The History of Don Francisco de Miranda's Attempt to Effect a Revolution in South America: In a Series of Letters

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Oliver and Munroe, 1808 - 300 strani

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Stran 43 - I, AB, do solemnly swear or affirm (as the case may be) that I will bear true allegiance to the United States of America, and that I will serve them honestly and faithfully against all their enemies or opposers whatsoever; and observe and obey the orders of the President of the United States...
Stran 107 - ... to any deductions. *' And you, brave volunteers of the island, who have nobly come forward to partake with us our honours and to share with us our prosperity, hasten to follow those officers, under whose care you have been already trained, and who are impatient to lead you on to victory and wealth. The gulf that Columbus first discovered and honoured with his presence, will now witness the illustrious actions of your gallant efforts.
Stran 252 - Let me exemplify this observation, by remarking, that here within the United States, which scarcely thirty years ago were colonies engaged in a bloody struggle, for the purpose of shaking off their dependence on the parent state, the attempt to free a colony from the oppressive yoke of its mother country, is called ' audacious, novel and dangerous.
Stran 290 - In general his demeanour is marked by hauteur and distance. When he is angry he loses discretion. He is impatient of contradiction. In discourse he is logical in the management of his thoughts. He appears conversant on all subjects. His iron memory prevents his ever being at a loss for names, dates and authorities.
Stran 280 - He was educated like other young men of the better families in Caraccas, at the schools and university of that city. He never mentioned his teachers, nor his school." He said that he learned Greek after he was forty. Depons observes, that at present, the Spanish youth, sensible of the insufficiency of their education, apply with avidity to the reading of foreign books. It is said Miranda began his travels in the provinces, in early manhood. He entered the army, and was Captain in the regular troops...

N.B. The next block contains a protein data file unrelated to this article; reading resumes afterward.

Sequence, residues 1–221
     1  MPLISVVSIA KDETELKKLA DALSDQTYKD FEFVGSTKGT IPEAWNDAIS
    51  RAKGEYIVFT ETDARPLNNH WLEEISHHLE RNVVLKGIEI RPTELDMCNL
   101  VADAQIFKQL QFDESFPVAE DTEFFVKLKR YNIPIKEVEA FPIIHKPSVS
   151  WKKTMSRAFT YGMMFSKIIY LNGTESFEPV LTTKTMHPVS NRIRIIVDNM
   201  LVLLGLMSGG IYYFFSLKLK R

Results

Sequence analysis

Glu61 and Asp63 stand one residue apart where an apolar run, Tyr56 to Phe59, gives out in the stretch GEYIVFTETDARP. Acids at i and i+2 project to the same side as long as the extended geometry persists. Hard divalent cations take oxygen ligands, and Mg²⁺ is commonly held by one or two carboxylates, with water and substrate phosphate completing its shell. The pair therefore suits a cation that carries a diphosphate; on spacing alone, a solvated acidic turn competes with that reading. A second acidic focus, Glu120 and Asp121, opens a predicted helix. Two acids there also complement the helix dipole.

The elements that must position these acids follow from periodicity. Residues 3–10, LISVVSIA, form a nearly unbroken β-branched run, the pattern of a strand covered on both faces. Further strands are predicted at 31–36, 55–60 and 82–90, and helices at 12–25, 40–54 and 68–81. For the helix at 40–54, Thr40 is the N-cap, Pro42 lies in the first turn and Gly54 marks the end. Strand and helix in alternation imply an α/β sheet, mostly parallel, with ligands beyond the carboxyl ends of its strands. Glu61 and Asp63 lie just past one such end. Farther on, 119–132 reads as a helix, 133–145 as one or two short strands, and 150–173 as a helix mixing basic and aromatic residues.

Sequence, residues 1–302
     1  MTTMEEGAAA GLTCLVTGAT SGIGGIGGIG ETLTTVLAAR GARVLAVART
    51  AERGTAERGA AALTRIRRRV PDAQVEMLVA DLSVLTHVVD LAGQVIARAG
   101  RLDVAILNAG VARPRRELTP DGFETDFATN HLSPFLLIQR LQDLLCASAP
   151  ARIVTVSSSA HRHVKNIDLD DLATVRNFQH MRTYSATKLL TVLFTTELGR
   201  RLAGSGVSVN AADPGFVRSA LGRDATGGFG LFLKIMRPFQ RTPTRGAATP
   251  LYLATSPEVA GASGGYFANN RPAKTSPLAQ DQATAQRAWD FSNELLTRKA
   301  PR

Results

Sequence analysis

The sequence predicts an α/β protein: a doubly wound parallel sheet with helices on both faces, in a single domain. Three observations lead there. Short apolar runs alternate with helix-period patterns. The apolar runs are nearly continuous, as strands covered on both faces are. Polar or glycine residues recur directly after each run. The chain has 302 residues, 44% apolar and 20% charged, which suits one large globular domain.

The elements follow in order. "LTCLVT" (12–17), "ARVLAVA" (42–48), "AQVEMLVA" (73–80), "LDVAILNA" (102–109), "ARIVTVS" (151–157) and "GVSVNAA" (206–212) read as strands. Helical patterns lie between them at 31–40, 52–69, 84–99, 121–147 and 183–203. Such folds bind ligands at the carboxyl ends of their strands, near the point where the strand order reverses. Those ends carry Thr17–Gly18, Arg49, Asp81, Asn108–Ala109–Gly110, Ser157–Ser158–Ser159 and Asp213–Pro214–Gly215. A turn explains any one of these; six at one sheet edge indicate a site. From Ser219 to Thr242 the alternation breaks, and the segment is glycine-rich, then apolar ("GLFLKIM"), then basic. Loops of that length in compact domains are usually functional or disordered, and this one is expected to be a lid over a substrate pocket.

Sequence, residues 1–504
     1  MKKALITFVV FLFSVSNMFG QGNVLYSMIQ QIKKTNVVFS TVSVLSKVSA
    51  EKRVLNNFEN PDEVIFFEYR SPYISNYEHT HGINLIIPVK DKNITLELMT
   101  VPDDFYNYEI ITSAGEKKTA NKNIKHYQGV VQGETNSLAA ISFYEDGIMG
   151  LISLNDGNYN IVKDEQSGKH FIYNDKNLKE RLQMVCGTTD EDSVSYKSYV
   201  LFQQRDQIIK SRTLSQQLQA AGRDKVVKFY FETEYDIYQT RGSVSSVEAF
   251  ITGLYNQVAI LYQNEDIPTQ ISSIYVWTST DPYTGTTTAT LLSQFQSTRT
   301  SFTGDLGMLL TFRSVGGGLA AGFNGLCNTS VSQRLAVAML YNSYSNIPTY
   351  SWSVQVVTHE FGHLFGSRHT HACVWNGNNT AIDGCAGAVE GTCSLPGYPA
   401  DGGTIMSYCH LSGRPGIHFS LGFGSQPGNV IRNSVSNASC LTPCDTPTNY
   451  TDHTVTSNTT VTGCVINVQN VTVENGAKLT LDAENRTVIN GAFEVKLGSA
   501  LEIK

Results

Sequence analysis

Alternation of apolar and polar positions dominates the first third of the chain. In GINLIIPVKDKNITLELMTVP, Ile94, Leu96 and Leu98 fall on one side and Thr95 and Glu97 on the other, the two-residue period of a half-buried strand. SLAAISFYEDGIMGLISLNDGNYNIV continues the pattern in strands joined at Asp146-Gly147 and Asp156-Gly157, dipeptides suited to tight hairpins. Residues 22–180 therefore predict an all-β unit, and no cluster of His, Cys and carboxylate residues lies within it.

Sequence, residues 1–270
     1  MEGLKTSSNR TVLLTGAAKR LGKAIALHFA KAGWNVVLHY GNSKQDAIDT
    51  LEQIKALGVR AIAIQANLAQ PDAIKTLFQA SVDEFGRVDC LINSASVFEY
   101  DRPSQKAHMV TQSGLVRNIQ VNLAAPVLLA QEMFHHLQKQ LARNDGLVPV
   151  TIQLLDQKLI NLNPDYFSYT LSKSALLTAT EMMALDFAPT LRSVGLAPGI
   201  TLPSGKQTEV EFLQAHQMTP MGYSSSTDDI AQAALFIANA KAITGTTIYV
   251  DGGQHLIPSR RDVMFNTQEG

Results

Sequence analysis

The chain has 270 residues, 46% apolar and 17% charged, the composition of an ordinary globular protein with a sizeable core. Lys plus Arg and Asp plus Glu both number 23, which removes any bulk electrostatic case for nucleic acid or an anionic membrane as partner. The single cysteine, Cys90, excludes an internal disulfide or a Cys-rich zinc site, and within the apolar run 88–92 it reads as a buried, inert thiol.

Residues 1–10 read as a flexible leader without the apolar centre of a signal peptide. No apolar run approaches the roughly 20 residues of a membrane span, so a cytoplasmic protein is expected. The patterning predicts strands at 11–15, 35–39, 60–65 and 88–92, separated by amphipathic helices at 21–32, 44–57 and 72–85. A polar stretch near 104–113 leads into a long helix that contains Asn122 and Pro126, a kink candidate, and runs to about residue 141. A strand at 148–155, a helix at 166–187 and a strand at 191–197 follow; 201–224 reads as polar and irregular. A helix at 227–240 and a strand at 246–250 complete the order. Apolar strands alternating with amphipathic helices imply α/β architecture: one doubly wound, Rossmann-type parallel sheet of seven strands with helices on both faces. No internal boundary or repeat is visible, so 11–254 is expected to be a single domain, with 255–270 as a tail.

Stran 12 - Wight, and shewed him documents, which justified the English captain in allowing our ship to proceed. This event has confirmed our impressions, respecting the nature and objects of this expedition. General Miranda, I think, must have effected the release of...
Stran 289 - Upon the whole without saying he is an elegant, we may pronounce him a handsome man. He has a constant habit of picking his teeth. When sitting he is never perfectly still ; his foot or hand must be moving to keep time with his mind which is always in exercise. He always sleeps a few moments after dinner, and then walks till bed time, which with him is about midnight. He is an eminent example of temperance. A scanty or bad meal .is never regarded by him as a subject of complaint. He uses no ardent...
Stran 4 - We know enough not to be angry with ourselves for joining the undertaking; we imagine and conjecture much. Generally, I can say that we are engaged in an expedition to some part of the Spanish dominions, probably in South America, with a view to assist the inhabitants in throwing off the oppressive yoke of the parent country, and establishing a government for themselves ; upon which, we are told, by our General, they have resolved ; and for which, he says, they are entirely disposed and prepared.
Stran 101 - He speaks with great freedom and asperity of the faults of the different learned professions.

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